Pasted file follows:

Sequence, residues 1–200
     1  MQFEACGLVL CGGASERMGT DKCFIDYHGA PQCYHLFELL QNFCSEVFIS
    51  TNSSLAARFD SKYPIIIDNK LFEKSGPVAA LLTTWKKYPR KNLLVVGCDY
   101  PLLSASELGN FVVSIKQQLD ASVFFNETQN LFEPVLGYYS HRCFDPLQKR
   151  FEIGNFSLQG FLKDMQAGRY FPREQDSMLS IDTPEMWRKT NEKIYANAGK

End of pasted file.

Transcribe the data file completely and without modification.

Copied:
Sequence, residues 1–200
     1  MQFEACGLVL CGGASERMGT DKCFIDYHGA PQCYHLFELL QNFCSEVFIS
    51  TNSSLAARFD SKYPIIIDNK LFEKSGPVAA LLTTWKKYPR KNLLVVGCDY
   101  PLLSASELGN FVVSIKQQLD ASVFFNETQN LFEPVLGYYS HRCFDPLQKR
   151  FEIGNFSLQG FLKDMQAGRY FPREQDSMLS IDTPEMWRKT NEKIYANAGK